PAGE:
How Ruby Wax is Offering Us Hope and Positivity in 2020
Joe Gallop, Journalism & English Language Graduate, University of Roehampton
Ruby Wax OBE certainly picked a fitting time to release her new book And Now For The Good News [Penguin Life]. The American actress, comedian and mental health campaigner joined journalist Rachel Cooke to give the final BookFest audience of the weekend a dose of positivity at a time when it is most needed.
Exploring themes of community, technology, business and education, Wax travelled to various places across the world in order to shine a light on people and organisations making a positive difference to others’ lives. She began writing the book, subtitled …To the Future with Love, before the outbreak of coronavirus, but its premise is no doubt more pertinent than ever as it offers “green shoots of hope” in troubled times.“I wrote it because even before the pandemic we were in a crisis,” she said.
The book begins with a chapter on community, which has become Wax’s obsession, particularly looking at how it can help eradicate loneliness and isolation. “The theme of the book and the hope for the future is community,” she told the crowd on a calm Sunday evening on Wimbledon Common. “When the whole street came out and knocked a few pans, you could really feel the compassion gushing. Unless we start working together, nothing is going to work. “We have to start seeing each other as human beings and really listen.”
The book also looks at companies practising ‘conscious capitalism’ – putting its employee’s happiness first and striving to make money while also having an ethical vision. American outdoor clothing company Patagonia caught her attention, as they not only focus on sustainable materials, but also allow employee’s children to attend an onsite crèche.
Using Finland as the benchmark for success, Wax explored the education sector, looking at UK schools helping children from disadvantaged and often violent backgrounds achieve good results, while also improving their mental health. Wax was particularly interested in schools that were changing their teaching methods to reduce students’ stress levels, for instance at an academy called REAch2 in Hertfordshire where the children were taught empathy. “The whole school came out and sang a song for me… I was sobbing!”
Wax debunked the contemporary cliché of the internet being the ultimate problem in life – for the purpose of the book’s narrative at least. She focused on the positives of technology and reasons to invest in AI and other developments for the ways it can help boost empathy and make us “more human”. Wax observed how her mental health charity Frazzled Café, which she started four years ago, operated over lockdown while using Zoom instead of physical meetings. She even claimed the demand for events was even greater during this period. “Everybody is looking at everybody and listening because now you are captured on your device, so you can’t be distracted by it. I’ve never been so moved by people because they really care about what everyone has to say.”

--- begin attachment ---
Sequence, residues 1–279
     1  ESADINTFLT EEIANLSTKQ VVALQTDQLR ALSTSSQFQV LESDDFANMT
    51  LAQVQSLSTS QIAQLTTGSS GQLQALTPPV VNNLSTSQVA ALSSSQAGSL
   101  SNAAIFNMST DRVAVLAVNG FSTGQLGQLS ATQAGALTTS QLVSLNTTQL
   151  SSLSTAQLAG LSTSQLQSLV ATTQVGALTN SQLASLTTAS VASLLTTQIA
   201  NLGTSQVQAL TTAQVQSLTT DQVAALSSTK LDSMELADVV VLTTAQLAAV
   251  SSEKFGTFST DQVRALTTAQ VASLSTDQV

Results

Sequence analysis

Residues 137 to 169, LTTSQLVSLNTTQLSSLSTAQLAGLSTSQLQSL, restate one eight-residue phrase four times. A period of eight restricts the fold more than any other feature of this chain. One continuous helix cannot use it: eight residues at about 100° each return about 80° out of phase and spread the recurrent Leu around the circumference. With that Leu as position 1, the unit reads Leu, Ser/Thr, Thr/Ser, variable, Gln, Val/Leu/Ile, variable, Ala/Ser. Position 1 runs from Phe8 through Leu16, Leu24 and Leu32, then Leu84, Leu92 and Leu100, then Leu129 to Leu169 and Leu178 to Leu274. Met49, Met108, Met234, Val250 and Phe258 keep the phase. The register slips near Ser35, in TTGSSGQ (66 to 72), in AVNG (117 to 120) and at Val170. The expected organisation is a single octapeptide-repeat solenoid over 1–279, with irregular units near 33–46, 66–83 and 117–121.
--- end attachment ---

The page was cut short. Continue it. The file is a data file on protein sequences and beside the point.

On World Saviours
Part of Wax’s mission was to find “world saviours” – a group of inspiring, selfless individuals, who she highlights at the end of the book. She visited a refugee camp in the Greek island of Samos, where she met a group of women from an organisation called Choose Love, who she described as “reckless in the name of saving lives”. Wax opened up about her own reckless side - including a story from last year when she fell off a horse and severely injured her back having lied about being a showjumper. This recklessness, she said, was a reason for her not fearing the trip to the camp, where she ended up finding her place there by teaching pilates and giving manicures.
On Mental Health
Before the audience questions, Clarke concluded the discussion with a topic very close to the author's heart. Wax, who holds a master’s degree in Mindfulness Based Cognitive Therapy, spoke about the concept of being “frazzled”, which she wrote about in her self-help book A Mindfulness Guide for the Frazzled [Penguin Life], released four years ago. This concept, which she describes as a “contemporary illness”, relates to being stressed about being stressed and having anxiety about being anxious. “If you live in fear, you will get sick,” she said. “We are supposed to be stressed and be sad and anxious.” “It’s not [just] mental illness now, you can get physically sick by just thinking how terrible things are.”
And on Looking Forward
Having done her research and investigation for the book, Wax is remaining optimistic about the world and is backing ethical business to make a real difference in the future. “If you want to wait for a politician to change the world, you’ve got a long wait,” she said. “Business is going to change the world, not politics.”